A collaboration between Broderick Architects and CODA Studio results in "something significant and joyous" for a school in WA.
As I continue to mentally inhabit stage 1 of Bunbury Catholic College (BCC), Mercy Campus by Broderick Architects and CODA Studio (in joint venture), this description, “space, surface and urban structure meticulously hand-sewn,” speaks to me of the project’s conception and the manner of its execution in the direct present and as a lingering impression. This is a project to which I will gladly return. It’s painstaking but not laboured, rather the mature act of mid-career practitioners, restless innovators, architects in clear command of their own spatial and material project.
Internally, the grammar of each of the three first-stage buildings is that of a central spine with double-loaded rooms. Patterned and interwoven, each spine employs a rigorously consistent (and restlessly intense) set of material strategies: solid brick floors, concrete ceilings and heavily worked wall surfaces comprising face brick, internal glazing, coarse plywood and patchwork colour. Coupled with this material approach is a spatial scheme of adjunct rooms, upholstered alcoves and display niches as well as a set of top-lit light chimneys finished in orange, blue or reddish-brown ceramic. These towers echo the central light well of Casa Batlló by Antoni Gaudí. As with Gaudí’s project, the ceramic tile adds material potency and spatial lustre. Each tower colour is graded from light hues at its peak to deep, rich tones at its base, where students lounge on vibrant upholstery and generous built-in landing seats. The rooms each side of these intense spines are a continuation of this material stratagem – still collage-like but less frenetic, a welcome antidote to the ubiquity of classrooms that so readily crush the human spirit. I am tempted to label them domestic but that would be as inaccurate as it would be overly convenient. Decades of research in design for education undertaken by Broderick Architects has been tempered by the 1:1 scale experimentation by CODA Studio into a kind of cosy frugality, realized at this scale originally in the design of CODA’s own studio in Fremantle in 2011. Something significant and joyous has deinstitutionalized these spaces without loss of their seriousness of purpose.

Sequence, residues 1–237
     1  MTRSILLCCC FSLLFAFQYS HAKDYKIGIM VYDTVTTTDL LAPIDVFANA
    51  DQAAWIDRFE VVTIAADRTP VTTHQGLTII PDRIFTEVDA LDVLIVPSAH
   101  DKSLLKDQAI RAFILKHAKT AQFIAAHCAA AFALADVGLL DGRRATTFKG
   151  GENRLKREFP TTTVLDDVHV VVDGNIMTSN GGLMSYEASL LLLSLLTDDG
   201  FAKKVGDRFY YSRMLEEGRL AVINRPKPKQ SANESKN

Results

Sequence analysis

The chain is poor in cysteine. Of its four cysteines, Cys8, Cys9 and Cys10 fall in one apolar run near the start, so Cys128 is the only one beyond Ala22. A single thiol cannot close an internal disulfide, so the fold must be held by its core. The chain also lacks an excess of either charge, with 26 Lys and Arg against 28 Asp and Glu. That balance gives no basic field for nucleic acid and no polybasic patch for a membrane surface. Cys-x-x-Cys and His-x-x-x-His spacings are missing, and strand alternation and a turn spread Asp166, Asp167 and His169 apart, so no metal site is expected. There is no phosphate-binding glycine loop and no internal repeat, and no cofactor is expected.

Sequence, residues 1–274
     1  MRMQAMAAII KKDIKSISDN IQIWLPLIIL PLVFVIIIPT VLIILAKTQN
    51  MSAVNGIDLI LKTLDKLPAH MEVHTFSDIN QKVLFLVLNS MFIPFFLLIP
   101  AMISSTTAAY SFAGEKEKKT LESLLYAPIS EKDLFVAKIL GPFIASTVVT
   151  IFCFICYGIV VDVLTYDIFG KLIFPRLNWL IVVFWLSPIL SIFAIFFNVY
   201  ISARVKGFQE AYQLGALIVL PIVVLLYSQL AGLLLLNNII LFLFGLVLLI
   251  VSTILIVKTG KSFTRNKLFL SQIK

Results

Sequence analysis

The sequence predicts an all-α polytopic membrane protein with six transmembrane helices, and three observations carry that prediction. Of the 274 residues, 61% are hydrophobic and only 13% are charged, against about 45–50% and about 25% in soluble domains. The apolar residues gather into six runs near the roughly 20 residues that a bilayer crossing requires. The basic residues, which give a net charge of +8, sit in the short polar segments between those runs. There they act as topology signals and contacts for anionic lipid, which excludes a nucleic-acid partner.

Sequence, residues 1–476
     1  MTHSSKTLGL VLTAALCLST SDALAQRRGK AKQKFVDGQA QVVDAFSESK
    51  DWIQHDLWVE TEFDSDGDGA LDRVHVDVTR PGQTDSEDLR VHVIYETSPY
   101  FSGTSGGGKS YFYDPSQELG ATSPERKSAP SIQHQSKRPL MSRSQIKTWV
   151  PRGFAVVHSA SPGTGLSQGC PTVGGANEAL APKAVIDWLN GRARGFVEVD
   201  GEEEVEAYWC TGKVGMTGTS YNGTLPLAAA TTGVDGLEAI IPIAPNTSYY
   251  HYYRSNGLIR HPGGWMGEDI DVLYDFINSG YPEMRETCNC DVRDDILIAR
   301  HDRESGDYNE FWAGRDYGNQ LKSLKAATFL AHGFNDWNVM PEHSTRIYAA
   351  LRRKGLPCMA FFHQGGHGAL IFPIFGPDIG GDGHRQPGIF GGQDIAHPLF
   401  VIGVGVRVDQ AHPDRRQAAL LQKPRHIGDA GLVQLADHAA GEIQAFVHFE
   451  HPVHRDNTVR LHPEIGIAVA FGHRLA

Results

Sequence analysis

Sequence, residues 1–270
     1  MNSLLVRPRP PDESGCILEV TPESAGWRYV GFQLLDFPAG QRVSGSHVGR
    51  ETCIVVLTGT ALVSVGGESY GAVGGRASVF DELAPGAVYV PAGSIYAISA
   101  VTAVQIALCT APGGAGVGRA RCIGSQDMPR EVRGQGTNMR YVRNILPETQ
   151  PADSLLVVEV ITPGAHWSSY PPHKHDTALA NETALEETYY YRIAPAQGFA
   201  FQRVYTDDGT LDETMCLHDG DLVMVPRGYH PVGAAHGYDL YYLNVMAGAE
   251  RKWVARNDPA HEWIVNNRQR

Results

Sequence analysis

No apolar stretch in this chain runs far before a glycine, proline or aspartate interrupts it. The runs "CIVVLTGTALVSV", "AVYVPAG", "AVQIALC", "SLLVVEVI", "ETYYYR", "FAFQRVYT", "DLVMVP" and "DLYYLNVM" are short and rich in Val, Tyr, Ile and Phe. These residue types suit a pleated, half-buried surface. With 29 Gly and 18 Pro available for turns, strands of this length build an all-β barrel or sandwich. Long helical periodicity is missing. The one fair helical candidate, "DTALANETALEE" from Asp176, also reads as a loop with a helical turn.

Of the three buildings comprising this first stage, two double-storey buildings address each other across a central civic plaza, while a third, low-scale building sits off to one side. Moving from the peripheral rooms of this principal tensioned pair to their interior spines, past the glow of intense ceramics (and nattering teenagers), with heavy brickwork underfoot, we arrive at the most remarkable of the interior experiments. One is a punctuated, top-lit, inhabitable stair lined in brilliant yellow and orange ceramic tiles, the other the substantially perforated corner of what appears to be one part lecture theatre and one part inclined mega living room. So much comes into being at these two moments – spirals on the incline, threaded space, layered surfaces and saccadic portals (they make me think of Adolf Loos, Herman Hertzberger and Flores Prats Architects). Entirely evident is the making of these spaces through large-scale physical models; this process emphasis on what is directly perceived has been well worth the effort. The architects’ deeply developed spatial intelligence tempts the occupants to fully inhabit every corner and niche. The plan, section, elevation and program are treated equally as curated spatial knots. It strikes me as almost inevitable how poorly these spaces translate into the single photographic image. They must be traversed, allowing the fortunate occupant to wind into and out from, to dwell within and between, to steal glimpses and become observer or observed, tapping the force of the unfurling interior. Leaving these complex rooms is difficult, as I wish to linger. However, we must go outside into the blinding Western Australian sun. It’s now midday and the shadows cast upon these ruddy buildings are almost black.